Reimposing Iran oil sanctions may be difficult for US, speakers say

July 19, 2018
Reimposing sanctions aimed at Iran’s crude oil exports could prove harder than some members of the Trump administration apparently believe, speakers suggested at a July 18 Atlantic Council discussion.

Reimposing sanctions aimed at Iran’s crude oil exports could prove harder than some members of the Trump administration apparently believe, speakers suggested at a July 18 Atlantic Council discussion. “The rest of the world is not with us now,” observed Brian O’Toole, an Atlantic Council nonresident senior fellow who previously worked 13 years in the federal government, including as a senior advisor in the Department of the Treasury’s Office of Foreign Assets Control.

O’Toole said European governments were unhappy when the US withdrew in May from the Iran nuclear arms control agreement, formally known as the Joint Comprehensive Plan of Action (JCPOA). “But the most consternation is with outliers like Turkey and India, which import a lot of Iranian oil,” he said.

“I don’t know if there are going to be waivers. The first negotiating team arrived in India today. But this administration has some breathing room because crude oil prices aren’t $100/bbl,” said Amos J. Hochstein, a senior vice-president for marketing at Tellurian Inc. who previously was US Special Envoy for Energy Affairs and led the US Department of State’s Bureau of Energy Resources.

Several European governments have announced they won’t support companies based in their countries that try to avoid sanctions, Hochstein said. “The biggest difference from 2012-15 is there at least was a process then. Now, some countries are wondering where this will end,” he said.

Sara Vakhshouri, founder and president of SVP International who formerly worked in public and private sectors of Iran’s oil industry, agreed that an uncertain expiration date is troublesome, while lower oil prices currently could become a problem if they start to rise quickly.

“During the previous embargo, Europe provided the backbone. Now, Saudi Arabia looks as if it could play that role this time,” she said. “We expect that by September, after sanctions have been in place for about a month, we’ll have a better idea of what’s happening.”

Russia may have impact

Anna Borschevskaya, the Ira Weiner Fellow at the Washington Institute for Near East Policy who focuses on Russia’s policies in the Middle East, said the country’s relationship with Iran has been complicated, but the two governments could find common ground in opposing US sanctions once they are reimposed.

“Russia already has improved its relations with Iran,” Borschevskaya told the group. “Given its foreign policy stance toward the US, this could grow if it believes it would undermine the US position. Russia is taking a long-term view. It sees several obstacles, which it is determined to overcome.”

Robin Mills, chief executive of Qamar Energy, who spoke via a video hookup from the United Arab Emirates, said, “The response of other regional countries will matter. Their key role will be to control production and exports, which they do relatively well.” Other members in the Organization of Petroleum Exporting Countries are moving in as Venezuela’s production continues to drop, he noted.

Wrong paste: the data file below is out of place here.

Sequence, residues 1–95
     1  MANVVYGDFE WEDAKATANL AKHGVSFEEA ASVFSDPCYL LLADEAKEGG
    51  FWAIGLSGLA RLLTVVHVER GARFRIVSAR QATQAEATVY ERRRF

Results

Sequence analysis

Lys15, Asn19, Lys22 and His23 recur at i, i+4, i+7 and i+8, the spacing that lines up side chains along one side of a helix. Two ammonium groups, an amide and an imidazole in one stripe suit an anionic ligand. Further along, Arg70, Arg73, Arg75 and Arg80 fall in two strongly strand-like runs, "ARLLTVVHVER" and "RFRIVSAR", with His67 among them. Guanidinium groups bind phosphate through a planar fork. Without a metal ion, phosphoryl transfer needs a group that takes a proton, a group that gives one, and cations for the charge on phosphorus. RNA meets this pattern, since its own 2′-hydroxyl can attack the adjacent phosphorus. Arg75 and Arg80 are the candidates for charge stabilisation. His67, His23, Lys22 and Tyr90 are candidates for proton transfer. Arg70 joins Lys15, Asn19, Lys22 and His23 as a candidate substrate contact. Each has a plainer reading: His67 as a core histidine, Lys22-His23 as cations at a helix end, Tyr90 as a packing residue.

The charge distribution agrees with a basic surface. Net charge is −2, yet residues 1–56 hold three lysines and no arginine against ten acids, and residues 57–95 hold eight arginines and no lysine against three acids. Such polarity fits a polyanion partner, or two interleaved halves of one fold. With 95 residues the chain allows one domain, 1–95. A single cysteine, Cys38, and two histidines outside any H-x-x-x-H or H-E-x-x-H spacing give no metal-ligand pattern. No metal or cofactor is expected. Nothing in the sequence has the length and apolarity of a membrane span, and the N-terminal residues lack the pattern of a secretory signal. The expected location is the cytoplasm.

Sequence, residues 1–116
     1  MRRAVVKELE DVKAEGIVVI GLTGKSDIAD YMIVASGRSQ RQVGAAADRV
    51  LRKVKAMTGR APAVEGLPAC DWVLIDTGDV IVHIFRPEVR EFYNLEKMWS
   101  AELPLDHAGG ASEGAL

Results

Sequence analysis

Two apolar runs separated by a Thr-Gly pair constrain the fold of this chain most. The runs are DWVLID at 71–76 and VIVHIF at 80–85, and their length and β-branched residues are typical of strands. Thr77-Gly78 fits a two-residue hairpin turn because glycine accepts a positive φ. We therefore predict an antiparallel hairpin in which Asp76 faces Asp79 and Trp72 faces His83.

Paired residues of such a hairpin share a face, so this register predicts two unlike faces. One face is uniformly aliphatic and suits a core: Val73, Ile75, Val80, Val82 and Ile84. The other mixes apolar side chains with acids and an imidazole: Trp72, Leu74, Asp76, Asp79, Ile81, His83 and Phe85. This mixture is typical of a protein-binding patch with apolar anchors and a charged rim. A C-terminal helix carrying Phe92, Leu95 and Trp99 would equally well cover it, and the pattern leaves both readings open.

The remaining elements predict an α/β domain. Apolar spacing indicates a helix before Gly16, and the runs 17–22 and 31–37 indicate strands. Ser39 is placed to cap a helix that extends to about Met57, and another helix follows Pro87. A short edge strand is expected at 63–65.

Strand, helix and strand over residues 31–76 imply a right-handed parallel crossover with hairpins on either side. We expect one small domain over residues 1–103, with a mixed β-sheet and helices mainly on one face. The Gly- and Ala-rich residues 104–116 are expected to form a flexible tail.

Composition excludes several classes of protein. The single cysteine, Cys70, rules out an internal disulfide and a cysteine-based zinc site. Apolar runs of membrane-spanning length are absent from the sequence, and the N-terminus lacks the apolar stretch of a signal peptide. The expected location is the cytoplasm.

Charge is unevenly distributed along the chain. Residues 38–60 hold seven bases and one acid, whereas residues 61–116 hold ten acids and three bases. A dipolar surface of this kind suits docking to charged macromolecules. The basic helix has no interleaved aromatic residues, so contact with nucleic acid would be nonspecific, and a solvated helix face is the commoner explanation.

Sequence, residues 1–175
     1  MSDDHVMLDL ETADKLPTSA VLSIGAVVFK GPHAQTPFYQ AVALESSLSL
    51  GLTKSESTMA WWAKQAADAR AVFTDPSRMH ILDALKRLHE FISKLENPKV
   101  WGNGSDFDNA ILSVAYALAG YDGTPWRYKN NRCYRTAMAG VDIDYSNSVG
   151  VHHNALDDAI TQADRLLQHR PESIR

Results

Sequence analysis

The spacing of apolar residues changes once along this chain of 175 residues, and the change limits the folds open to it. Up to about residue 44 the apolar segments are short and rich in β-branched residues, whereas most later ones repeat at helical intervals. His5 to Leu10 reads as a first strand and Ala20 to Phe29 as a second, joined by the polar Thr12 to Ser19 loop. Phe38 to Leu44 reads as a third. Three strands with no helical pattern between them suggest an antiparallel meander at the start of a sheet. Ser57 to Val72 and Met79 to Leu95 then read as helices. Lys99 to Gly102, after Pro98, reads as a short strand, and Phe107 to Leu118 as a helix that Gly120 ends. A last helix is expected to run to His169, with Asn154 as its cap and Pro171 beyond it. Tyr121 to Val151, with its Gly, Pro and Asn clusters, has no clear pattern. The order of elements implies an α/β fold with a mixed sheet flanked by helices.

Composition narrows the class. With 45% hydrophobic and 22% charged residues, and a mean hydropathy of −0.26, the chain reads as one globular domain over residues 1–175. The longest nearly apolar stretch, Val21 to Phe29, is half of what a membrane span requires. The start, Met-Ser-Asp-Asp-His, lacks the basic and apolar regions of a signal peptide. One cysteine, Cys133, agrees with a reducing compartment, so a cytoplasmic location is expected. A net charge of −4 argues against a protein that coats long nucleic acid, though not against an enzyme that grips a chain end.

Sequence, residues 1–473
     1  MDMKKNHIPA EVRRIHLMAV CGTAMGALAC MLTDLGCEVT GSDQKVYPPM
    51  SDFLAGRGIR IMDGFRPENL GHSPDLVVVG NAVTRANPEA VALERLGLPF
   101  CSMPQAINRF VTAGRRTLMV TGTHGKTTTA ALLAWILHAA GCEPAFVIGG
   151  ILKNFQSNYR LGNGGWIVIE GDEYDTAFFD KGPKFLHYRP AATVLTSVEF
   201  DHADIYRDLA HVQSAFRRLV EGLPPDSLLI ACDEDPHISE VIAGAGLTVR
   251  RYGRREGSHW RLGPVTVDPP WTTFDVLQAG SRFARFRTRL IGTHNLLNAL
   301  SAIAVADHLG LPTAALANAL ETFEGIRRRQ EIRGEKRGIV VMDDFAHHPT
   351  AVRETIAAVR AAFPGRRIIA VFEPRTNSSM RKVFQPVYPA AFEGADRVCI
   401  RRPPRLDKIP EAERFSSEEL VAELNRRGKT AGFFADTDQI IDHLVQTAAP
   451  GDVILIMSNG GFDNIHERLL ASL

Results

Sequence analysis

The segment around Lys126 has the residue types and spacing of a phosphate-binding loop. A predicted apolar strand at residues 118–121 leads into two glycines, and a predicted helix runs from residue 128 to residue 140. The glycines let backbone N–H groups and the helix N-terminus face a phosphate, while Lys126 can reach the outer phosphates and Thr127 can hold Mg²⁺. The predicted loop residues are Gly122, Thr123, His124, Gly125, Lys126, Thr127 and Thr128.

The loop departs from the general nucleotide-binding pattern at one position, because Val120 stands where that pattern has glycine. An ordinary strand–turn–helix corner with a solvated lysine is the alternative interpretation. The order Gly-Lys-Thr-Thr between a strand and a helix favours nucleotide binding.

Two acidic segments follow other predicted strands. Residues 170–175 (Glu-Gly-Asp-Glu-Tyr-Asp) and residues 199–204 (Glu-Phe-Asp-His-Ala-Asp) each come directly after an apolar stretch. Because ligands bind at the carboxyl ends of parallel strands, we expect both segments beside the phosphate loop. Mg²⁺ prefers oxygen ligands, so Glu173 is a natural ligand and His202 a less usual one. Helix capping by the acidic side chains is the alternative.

Asked how new sanctions might be enforced, Hochstein said people still may be around in the federal government who learned how during the Obama administration. “The questions will arise during implementation,” he said. “There will be cooperation between Treasury, which is responsible for financing, and State, which handles diplomatic moves. But the third leg on the stool—financial institutions—is more conservative and will move more slowly.”

O’Toole said, “Another problem may be that so much oil trades in dollars. Policies will be the biggest question when it comes to details. This administration reacts more to the president, who changes his mind frequently.”

Possible problems in Turkey

Turkey could present problems, some speakers suggested. “It would be very difficult for it to cut off supplies from Iran. The Turks have said they would not comply with sanctions, and they intend to take as much oil from Iran as possible,” Mills said.

Hochstein added, “There are serious infrastructure problems in Turkey. You could flood Istanbul with Russian gas, but that doesn’t mean it could go to where it’s needed to satisfy winter heating demand.”

O’Toole added, “The whole US relationship with Turkey could deteriorate with Turkey, regardless of whether [President Donald] Trump is fist-bumping [Turkish President Recep Tayyip] Ordogan. That could bring condensates and other streams to the table.”

The question remains whether new sanctions will succeed, Hochstein said. “Iran is not a passive player. Taking a couple of actions in the Strait of Hormuz could cause some traders to react,” he said. “The minute risk premiums are imposed, prices will go up and neighboring countries will be affected.”

Vakhshouri said, “If something happens somewhere and 1 million b/d is suddenly off the market, who’s going to comply with US sanctions? The market doesn’t have that big a buffer. Spare capacity is much different from actual production. How much would Saudi Arabia be willing to provide, and for how long?”

O’Toole noted, “China already has several trade issues with the US, so it probably wouldn’t worry much about complying with US sanctions on Iranian oil.”

Contact Nick Snow at [email protected].